What can Philosophy of Religion Offer to the University?

Here at PhilosophyOfReligion.org, we are asking philosophers of religion to tell us what philosophy of religion can offer to the modern university, considered either as a whole or through the lens of one or more university disciplines. Our blog is full of fascinating contributions of this kind.

Last year we witnessed a fabulous response to our challenge to look inwards and say what our field is and does, and we’ll soon present our analysis of those creative blog contributions. This year we are looking outwards as well as inwards, asking philosophers of religion to tell us how our field can impact the university or specific university disciplines.

For this theme, as for last year’s theme, we prefer to ask and listen rather than stipulate and define; it’s how we live up to our intention to speak for the entire unruly world of philosophy of religion. Ultimately we hope to analyze the themes in these blog entries and present our findings to you.

So read the blog entries and learn about philosophy of religion in the modern university from the experts who work in the field.

Wesley J. Wildman is a philosopher of religion working at Boston University, and founder of PhilosophyOfReligion.org.

2 thoughts on “What can Philosophy of Religion Offer to the University?

  1. Pingback: Theses on a Global-Critical Philosophy of Religion: Part 1 | Studying Religion in Culture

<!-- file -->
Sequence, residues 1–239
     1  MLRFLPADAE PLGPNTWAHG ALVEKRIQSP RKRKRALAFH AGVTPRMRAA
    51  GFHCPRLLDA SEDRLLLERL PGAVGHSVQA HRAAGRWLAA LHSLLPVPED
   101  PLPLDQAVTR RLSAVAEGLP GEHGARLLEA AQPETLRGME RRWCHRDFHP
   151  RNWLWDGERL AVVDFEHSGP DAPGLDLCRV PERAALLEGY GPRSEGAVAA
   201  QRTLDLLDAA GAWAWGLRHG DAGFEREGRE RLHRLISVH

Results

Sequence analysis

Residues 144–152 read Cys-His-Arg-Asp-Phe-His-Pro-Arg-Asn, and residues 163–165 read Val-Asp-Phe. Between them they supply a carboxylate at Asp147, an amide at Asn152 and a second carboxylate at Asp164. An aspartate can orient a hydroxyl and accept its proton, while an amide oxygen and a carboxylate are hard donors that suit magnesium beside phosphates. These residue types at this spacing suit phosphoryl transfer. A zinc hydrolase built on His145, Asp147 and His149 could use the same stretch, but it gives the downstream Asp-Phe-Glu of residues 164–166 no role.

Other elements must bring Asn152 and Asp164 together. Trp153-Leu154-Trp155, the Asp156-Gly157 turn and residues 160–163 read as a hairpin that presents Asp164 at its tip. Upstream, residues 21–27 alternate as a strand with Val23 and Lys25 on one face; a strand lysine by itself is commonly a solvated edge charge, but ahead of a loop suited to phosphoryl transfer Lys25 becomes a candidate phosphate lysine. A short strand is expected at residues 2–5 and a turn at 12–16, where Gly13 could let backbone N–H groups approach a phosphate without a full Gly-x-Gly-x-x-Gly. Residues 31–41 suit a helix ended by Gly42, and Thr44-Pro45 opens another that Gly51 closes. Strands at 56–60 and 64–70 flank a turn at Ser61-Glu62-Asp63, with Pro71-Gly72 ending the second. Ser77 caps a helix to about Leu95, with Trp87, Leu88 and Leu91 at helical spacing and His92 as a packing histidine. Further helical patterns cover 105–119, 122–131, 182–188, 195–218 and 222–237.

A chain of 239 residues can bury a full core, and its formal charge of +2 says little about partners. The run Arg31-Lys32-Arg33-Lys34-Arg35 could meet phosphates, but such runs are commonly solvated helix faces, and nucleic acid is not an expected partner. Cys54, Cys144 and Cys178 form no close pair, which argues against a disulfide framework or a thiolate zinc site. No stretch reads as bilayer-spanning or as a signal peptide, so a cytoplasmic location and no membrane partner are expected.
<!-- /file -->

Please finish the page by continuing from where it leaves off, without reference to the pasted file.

2. I saw that there was a call for a paper on Buddhism and Science and I was hoping to see a follow up on that topic? I found this site while trying to form my own opinions on whether or not Buddhism should be classified as a religion or a philosophy. I think it mainly depends on how you approach the subject seeing as how many western philosophers appeal to Christianity in their search for truth but I hesitate calling Buddhism a strict kind of philosophy since it is not pointed like epistemology, ethics, logic, etc. However, Confucianism, from what I understand, is a type of philosophy and not classified as a religion whereas Taoism, while closely related, is considered to be more of a religion.

    The main question, and I realize it’s a tall order, is how can we classify a “religion” versus a “philosophy”? I was not able to take a formal Philosophy of Religion course and am drowning in information trying to find answers. Any direction would be greatly appreciated.

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